The first step in judging the merits of appellants' equal protection claim is to determine the correct standard of constitutional review. Under traditional equal protection doctrine, a classification will be subject to strict scrutiny, and upheld only if necessary to promote a compelling governmental interest, if it impinges upon a fundamental right or operates to the peculiar disadvantage of a suspect class. Massachusetts Board of Retirement v. Murgia, 427 U.S. 307, 312, 96 S. Ct. 2562, 2566, 49 L. Ed. 2d 520 (1976). Appellants do not argue, and we do not find that the Secretary's classification impinges upon any fundamental right. Nor do we find that twice-convicted DUI offenders constitute a suspect class; that label has been reserved for groups "saddled with such disabilities, or subjected to such a history of purposeful unequal treatment, or relegated to such a position of political powerlessness as to command extraordinary protection from the majoritarian political process." San Antonio Independent School District v. Rodriguez, 411 U.S. 1, 28, 93 S. Ct. 1278, 1294, 36 L. Ed. 2d 16 (1973). Accordingly, the Secretary's classification is merely subject to rational basis scrutiny and will be upheld if it bears a rational relationship to a legitimate governmental interest. Massachusetts Board of Retirement v. Murgia, supra; French v. Heyne, 547 F.2d 994, 997 (7th Cir. 1976).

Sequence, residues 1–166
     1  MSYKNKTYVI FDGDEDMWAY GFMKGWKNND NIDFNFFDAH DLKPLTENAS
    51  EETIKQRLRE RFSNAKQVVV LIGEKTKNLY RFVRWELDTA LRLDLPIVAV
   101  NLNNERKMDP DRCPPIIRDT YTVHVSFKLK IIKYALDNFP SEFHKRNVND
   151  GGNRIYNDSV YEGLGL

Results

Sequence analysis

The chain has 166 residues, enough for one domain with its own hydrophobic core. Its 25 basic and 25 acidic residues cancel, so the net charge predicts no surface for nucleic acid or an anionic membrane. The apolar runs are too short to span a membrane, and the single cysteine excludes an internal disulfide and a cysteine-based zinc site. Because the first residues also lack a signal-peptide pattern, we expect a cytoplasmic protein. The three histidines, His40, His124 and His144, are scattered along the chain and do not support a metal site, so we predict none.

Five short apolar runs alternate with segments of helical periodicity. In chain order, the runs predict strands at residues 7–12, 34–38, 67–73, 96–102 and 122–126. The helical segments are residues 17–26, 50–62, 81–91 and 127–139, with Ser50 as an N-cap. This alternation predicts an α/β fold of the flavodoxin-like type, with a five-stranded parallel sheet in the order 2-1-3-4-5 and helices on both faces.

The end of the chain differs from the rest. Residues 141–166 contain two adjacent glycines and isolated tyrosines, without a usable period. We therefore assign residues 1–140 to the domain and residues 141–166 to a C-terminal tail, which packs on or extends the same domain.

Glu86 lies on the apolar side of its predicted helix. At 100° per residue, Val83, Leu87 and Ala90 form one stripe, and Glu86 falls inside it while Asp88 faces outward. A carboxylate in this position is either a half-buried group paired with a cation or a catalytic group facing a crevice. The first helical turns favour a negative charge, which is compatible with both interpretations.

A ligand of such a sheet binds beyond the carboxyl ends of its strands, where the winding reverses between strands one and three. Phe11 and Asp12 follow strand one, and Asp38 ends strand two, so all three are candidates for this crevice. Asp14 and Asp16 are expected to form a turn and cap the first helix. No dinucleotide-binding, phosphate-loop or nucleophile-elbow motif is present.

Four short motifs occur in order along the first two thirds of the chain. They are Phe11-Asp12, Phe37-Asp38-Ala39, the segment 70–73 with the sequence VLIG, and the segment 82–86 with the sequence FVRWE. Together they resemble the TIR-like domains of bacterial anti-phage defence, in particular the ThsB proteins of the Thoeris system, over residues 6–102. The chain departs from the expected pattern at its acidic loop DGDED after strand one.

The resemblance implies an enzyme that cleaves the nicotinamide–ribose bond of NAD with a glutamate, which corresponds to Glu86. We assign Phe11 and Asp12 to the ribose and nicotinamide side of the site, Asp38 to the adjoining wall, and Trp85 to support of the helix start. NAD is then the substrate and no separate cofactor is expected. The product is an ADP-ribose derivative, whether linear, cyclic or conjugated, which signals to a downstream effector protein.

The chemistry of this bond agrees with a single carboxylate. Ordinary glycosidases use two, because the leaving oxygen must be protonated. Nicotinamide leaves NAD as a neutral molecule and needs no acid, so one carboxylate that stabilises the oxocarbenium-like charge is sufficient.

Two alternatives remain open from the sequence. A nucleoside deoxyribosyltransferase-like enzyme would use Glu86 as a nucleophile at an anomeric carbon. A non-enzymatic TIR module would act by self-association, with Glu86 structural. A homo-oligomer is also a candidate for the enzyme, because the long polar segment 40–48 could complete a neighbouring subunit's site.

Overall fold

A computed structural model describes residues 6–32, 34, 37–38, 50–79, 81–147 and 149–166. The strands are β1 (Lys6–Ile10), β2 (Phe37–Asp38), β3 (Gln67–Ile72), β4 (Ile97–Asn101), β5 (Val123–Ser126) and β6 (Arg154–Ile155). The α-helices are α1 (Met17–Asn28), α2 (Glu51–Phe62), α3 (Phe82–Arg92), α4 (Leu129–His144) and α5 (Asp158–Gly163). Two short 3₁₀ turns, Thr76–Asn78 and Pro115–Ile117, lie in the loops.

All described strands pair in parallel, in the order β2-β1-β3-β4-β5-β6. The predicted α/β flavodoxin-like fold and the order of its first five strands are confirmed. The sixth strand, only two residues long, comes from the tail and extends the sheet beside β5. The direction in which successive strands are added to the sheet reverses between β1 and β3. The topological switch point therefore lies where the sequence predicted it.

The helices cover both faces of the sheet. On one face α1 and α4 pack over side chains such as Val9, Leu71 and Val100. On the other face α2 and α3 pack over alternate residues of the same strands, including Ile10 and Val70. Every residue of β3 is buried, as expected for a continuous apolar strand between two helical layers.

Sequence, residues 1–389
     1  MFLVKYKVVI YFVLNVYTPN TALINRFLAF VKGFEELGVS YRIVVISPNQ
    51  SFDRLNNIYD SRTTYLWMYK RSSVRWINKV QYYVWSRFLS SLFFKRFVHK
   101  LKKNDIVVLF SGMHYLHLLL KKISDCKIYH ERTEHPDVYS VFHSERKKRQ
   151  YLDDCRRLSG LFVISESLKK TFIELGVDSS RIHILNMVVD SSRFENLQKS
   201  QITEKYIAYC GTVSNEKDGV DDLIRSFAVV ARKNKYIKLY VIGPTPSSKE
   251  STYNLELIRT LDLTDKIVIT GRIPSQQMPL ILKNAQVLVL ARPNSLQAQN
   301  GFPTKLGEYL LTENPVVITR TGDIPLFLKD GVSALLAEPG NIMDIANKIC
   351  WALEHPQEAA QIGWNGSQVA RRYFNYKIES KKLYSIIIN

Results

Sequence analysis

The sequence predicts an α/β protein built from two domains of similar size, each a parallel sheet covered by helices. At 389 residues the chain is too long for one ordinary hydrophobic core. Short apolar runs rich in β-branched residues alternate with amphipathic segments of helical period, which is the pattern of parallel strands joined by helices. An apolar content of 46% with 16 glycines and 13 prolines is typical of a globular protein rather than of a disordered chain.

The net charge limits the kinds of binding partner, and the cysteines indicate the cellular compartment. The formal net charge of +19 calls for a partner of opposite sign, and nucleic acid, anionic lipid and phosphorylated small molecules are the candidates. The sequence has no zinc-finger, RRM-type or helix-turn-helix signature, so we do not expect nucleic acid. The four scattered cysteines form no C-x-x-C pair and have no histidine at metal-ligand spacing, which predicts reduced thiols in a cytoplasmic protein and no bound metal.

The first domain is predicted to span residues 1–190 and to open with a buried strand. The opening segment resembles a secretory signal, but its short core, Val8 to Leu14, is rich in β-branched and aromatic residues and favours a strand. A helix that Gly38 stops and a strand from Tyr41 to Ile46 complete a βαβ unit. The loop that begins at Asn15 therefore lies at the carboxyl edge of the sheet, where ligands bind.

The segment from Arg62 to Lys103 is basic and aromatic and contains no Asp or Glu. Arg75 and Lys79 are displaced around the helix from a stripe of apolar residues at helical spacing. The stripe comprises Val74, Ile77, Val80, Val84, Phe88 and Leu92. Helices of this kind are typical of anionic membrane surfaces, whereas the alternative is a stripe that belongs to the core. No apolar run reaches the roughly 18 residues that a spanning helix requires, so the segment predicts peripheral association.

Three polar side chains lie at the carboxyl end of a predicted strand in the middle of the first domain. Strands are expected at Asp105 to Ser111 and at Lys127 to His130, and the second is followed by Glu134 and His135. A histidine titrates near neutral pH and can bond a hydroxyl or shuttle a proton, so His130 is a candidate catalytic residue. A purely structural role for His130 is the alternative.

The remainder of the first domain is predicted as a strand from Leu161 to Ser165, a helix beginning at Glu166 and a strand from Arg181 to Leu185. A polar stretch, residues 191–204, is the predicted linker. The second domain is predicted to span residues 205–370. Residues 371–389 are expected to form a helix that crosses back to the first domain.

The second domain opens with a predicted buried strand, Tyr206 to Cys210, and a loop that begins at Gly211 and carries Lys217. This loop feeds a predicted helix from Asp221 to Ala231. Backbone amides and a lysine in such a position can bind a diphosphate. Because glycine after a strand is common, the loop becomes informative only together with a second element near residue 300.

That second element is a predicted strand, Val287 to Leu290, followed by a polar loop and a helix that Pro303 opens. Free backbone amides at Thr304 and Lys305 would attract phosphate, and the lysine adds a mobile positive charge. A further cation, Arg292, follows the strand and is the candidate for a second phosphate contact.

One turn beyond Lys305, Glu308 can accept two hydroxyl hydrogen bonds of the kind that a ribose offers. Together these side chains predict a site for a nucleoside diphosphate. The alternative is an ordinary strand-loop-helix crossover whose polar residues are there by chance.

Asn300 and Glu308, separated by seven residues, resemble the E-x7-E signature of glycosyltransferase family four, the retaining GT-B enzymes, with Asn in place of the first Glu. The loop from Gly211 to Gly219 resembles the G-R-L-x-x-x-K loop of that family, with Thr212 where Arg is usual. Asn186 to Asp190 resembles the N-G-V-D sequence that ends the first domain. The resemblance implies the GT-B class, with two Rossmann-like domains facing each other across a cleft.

Appellants maintain that the Secretary's policy is irrational because it applies only to twice-convicted DUI offenders and not to other individuals whose serious traffic offenses,3 such as reckless homicide, also result in stringent penalties such as mandatory license revocation. We do not find appellants' argument convincing. The Secretary's classification distinguishes between drunk drivers, whose driving judgment is continuously impaired while operating a motor vehicle, and sober drivers, who in the course of driving may commit an error of judgment but who are not a constant threat when operating a vehicle.4 The danger to the public posed by the former group is greater, being continuous while the vehicle is being operated, and this principled distinction amply supports the Secretary's classification.5